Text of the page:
And don’t forget that Facebook is like “Six Degrees of Separation” on Barry Bonds-grade steroids. Even if you make a comment on someone else’s page, THAT person’s friends will see it, and then every friend of those friends will see it, etc.
Thus the question becomes how do we interactwith the social network and the internet at large , it is possible to have as many email accounts and login details as you feel you need to remain aanonymous but that is a cumbersome and highly impractical solution that ends up defeating itself in the long run , case in point which account did you use to login to a particlar site and do you have multiple account on a particular site because you forgot you were already logged on.
Additonally do you trust the custodian of your online identity to be discreet and mindful of your needs , as with most corps the larger percentage of online entities are more interesrted with the bottom line than with any ideological concerns.This is taken from the latest revision of the facebook TOS(emphasis mine):
- For content that is covered by intellectual property rights, like photos and videos (“IP content”), you specifically give us the following permission, subject to your privacy and application settings: you grant us a non-exclusive, transferable, sub-licensable, royalty-free, worldwide license to use any IP content that you post on or in connection with Facebook (“IP License”). This IP License ends when you delete your IP content or your account unless your content has been shared with others, and they have not deleted it.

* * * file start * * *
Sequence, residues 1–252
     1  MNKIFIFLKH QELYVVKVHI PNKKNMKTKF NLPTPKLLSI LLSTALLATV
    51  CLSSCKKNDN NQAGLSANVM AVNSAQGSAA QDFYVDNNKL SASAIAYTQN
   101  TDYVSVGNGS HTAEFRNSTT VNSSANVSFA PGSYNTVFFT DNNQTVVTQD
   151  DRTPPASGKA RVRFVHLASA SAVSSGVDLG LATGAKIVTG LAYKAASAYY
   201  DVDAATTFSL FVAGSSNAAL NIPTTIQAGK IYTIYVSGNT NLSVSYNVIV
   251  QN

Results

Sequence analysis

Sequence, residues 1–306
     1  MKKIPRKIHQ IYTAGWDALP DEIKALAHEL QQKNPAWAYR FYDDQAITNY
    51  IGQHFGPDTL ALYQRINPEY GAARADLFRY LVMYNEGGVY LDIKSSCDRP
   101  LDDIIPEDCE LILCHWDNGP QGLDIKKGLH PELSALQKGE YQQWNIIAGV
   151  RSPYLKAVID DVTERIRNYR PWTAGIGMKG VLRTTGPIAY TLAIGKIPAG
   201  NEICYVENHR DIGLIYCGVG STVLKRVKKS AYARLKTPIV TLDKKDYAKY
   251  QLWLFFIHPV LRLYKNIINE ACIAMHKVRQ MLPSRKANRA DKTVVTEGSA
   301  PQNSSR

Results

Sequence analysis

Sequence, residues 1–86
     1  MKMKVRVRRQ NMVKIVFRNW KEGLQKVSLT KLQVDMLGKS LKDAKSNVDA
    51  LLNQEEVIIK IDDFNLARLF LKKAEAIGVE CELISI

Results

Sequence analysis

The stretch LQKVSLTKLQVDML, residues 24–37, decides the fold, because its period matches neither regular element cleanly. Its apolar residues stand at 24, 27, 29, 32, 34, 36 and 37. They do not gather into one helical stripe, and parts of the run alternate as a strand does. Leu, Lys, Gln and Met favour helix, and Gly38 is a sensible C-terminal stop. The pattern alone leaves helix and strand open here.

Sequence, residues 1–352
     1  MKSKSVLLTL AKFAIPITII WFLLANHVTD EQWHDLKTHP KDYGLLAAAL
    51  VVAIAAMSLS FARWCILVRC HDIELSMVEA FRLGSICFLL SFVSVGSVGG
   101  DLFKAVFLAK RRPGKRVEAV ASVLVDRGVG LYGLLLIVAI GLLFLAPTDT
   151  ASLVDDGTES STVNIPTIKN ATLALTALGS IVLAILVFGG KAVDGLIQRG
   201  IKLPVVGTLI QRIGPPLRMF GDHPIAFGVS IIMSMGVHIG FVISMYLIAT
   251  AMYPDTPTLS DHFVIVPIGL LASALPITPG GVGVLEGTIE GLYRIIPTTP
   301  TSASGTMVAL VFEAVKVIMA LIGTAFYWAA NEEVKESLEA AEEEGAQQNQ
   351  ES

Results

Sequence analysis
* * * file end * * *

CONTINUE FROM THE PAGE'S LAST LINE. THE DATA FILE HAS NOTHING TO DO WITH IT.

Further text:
- When you delete IP content, it is deleted in a manner similar to emptying the recycle bin on a computer. However, you understand that removed content may persist in backup copies for a reasonable period of time (but will not be available to others).
- When you publish content or information using the “everyone” setting, it means that you are allowing everyone, including people off of Facebook, to access and use that information, and to associate it with you (i.e., your name and profile picture).
You agreed to all of the above by simply clicking on that sign up button , to be honest not a great many users read through all the privacy policies when signing up trusting to the vendor that their rights will not be violated,the preceeding chunk of legalese confers upon fb a whole host of rights that most users properly informed would think twice and then think about it once more.
What im advocating for is nothing new and there art ecountless articles online eschewing the importance of gopd data custodianship and efficient privacy controls that are understandable by users.What is lacking is a ubiquity in the implementation of a system that allows a user achieve three things without too much of a hassle.A user should be able to:
- .Choose what aspects of their personal data is available to online vendors
- .The ability to select the custodian of their data annd have an open framework to change them as they deem fit
- Make it as simple as possible for novice users to manage and organise their online presence
In order to foster adoption and faster uptake of such a system an open model is to be preferred to allow as much of a open community of developers and users to take advantage of it.
The first two I would consider the most important and serious issues to be tackled, so I shall try and give a brief of what I see as their role in social network webscape.